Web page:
Updated from 4:05 p.m. EDTStocks managed to climb off their lows Thursday but still suffered deep losses as higher oil prices, lackluster economic news, a slew of earnings warnings and a downgrade of Yahoo! ( YHOO) put investors on edge before the release of the government's monthly employment report. The Dow Jones Industrial Average closed down 101.25 points, or 0.97%, to 10,334.23, while the S&P 500 sank 12.32 points, or 1.08%, to 1128.52 and the Nasdaq Composite lost 32.24 points, or 1.57%, to 2015.55. The 10-year Treasury note traded up 4/32 in price to yield 4.56%, while the dollar was lower against the yen and higher vs. the euro. Volume was moderate, approaching 1.5 billion shares on the New York Stock Exchange, where decliners outnumbered advancers by about 5 to 4. On the Nasdaq, over 1.7 billion shares changed hands, and decliners held close to a 2-to-1 majority. John Carey, portfolio manager at Pioneer Investments, said today's declines stemmed from a confluence of negative news hitting the wires throughout the day. "There was no one terrible event today that got people retreating," he said. "It was a combination of timing, with end-of-quarter reallocations and the prospect of a long weekend keeping people on the sidelines, and then there were a variety of other stories that got people concerned today with nothing really positive to give them a counter-balance." Spiking oil prices took a toll on the markets, with Nymex crude for August delivery closing up $1.69 at $38.74 a barrel. And Yahoo! weighed heavily on the Nasdaq after the internet giant was downgraded by Smith Barney based on valuation, sending the stock down $2.14, or 5.9%, to $34.26. In addition, the tech index was buffeted by earnings jitters sown by preannouncements in several second-tier sectors. Software integration shop Iona ( IONA) fell 46 cents, or 11.3%, to $3.62 after forecasting a wider-than-expected second-quarter loss. Contract manufacturer Amkor ( AMKR) plunged $2.39, or 29.2%, to $5.79 after saying it's selling too few high-end semiconductor assemblies. And network hardware company Emulex ( ELX) lost $2.89, or 20.2%, to $11.42 after taking guidance down for two quarters on weak OEM sales. The Philadelphia Semiconductor Index was down 3.7% and the Amex Network Index fell 4%. All but three of the 30 Dow components were in the red, with General Motors ( GM) leading the way, down $1.21, or 2.6%, to $45.38, and Hewlett-Packard ( HPQ) close behind, down 52 cents, or 2.5%, to $20.58. "I think this is still a decent market for the next couple of years because earnings are strong and the economy is growing," Carey said. "Interest rates are obviously going to be a headwind now rather than the tailwind that they've been for the last several years. The biggest risk is if rates have to go up faster than people anticipate -- if inflation proves to be a bigger problem and the Fed has to be more aggressive." Larry Wachtel, senior market analyst at Wachovia Securities, said the session's action shows that nothing has really changed after the handover in Iraq and the Fed's decision -- two events that were widely touted as watershed events for the market. "The lesson here is that there was never a magic bullet," said Wachtel. "There was no specific point in time that would take us out of this recent sluggishness. People aren't just going to jump back into stocks. They have no reason."
Stocks had generally been steady since the FOMC raised its key interest rate by 25 basis points to 1.25% Wednesday afternoon. The central bank signaled no major change in policy, pledging to keep the pace of tightening "measured" and noting that some of the inflation pressure in the economy is due to "transitory" effects. Fed funds futures markets continue to see a series of quarter-point rate hikes through the end of 2004, when the official rate should stand at 1.75% to 2%. Through the first half of 2004, the broader stock market was flat, with a 0.4% decline on the Dow and a 1.6% gain on the Nasdaq. Among sectors, energy stocks were the first half's top performers, up 12.3% collectively. Industrials followed, up 6.5%, ahead of consumer staples, up 5.3%. The worst-performing sector of 2004 was information technology, down 0.5%. Within that category, Internet software and services stocks gained 49% and Internet retailers were up 42.2%, while semiconductors lost 10.5%. The next major milestone for Wall Street comes at 8:30 a.m. EDT on Friday morning when the government will release its monthly employment report. Forecasters estimate that the economy added 250,000 nonfarm jobs in June, and the unemployment rate held steady at 5.6%. Hourly earnings are expected to have increased 0.3%, the same rate logged in May, and the average work week is expected to remain unchanged at 33.8 hours. "We're trading lower here on anticipation of tomorrow's employment numbers coming before this long weekend," said Peter Cardillo, chief market analyst with S.W. Bach & Co. "A very strong number out tomorrow could put people on edge, because the big question out there now is whether the Fed will be forced to be more aggressive in August." In a prelude to that report, the Labor Department said Thursday morning that initial jobless claims rose by 1,000 to 351,000 in the week ended June 27. The previous week's tally was revised up by 1,000 to 350,000.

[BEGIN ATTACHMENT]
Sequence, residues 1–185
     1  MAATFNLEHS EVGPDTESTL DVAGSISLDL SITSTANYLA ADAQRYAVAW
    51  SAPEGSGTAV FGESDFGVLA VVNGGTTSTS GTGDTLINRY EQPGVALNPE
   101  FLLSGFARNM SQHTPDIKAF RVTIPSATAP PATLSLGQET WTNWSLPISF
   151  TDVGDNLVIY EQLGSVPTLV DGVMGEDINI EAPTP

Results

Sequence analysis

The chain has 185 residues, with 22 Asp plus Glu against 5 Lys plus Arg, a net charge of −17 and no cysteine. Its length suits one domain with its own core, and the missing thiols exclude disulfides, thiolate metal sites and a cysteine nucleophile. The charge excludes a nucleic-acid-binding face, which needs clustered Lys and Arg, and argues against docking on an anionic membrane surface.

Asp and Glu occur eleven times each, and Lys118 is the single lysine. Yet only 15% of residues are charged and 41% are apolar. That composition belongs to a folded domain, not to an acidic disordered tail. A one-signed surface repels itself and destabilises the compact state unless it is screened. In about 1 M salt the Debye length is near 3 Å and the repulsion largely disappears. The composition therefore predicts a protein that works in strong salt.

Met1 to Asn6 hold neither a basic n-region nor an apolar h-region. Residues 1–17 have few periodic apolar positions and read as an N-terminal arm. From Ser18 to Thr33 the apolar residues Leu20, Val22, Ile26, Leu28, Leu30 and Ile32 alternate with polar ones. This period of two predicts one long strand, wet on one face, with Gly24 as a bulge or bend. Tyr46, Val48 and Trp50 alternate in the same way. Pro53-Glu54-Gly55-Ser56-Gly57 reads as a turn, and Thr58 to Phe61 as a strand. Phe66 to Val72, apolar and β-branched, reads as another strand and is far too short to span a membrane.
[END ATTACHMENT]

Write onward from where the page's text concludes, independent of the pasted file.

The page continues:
Also on the economic front, the Institute for Supply Management said its manufacturing index dipped slightly more than expected in June at 51.1, below Wall Street's consensus estimate of 61.5. The index stood at 62.8 in May. Separately, the government said construction spending came in slower than expected in May, increasing by 0.3% compared to the consensus estimate of 0.7% and the previous month's revised 1.2%. Automakers reported mixed results for June. DaimlerChrysler ( DAX) said its U.S. sales rose 4.9% over the same month last year, helped by one additional day of business and growth in Mercedes-Benz sales. Meanwhile, Ford Motor ( F) said June sales fell 7.7%, and sales at General Motors were down 15%. Emulex rival QLogic ( QLGC), which affirmed its own earnings forecast late Wednesday, was down in sympathy with Emulex, falling 37 cents, or 1.4%, to $26.22. Elsewhere, Boeing ( BA) dropped $1.20, or 2.3%, to $49.89 after being downgraded by Merrill Lynch. The firm said Boeing's share price is too expensive to justify a higher rating given the uncertain demand for airline and defense modernization. Another big loser was Cardinal Health ( CAH), which warned after the bell Wednesday that fourth-quarter earnings would trail estimates and that it has received an SEC subpoena in an investigation of its accounting. Cardinal expects to earn 93 cents to 95 cents a share in the period, below the consensus forecast of $1.03 a share. Meanwhile, the SEC is asking the company for documents about how it classifies revenue in its drug distribution arm. Cardinal also said the U.S. attorney's office in southern New York has begun its own probe of the company's revenue accounting. Cardinal's shares closed down $17.19, or 24.5%, to $52.86. At 10 a.m. EDT on Friday, the Census Bureau is expected to report that factory orders declined 0.7% in May, an improvement over the 1.7% drop reported for April.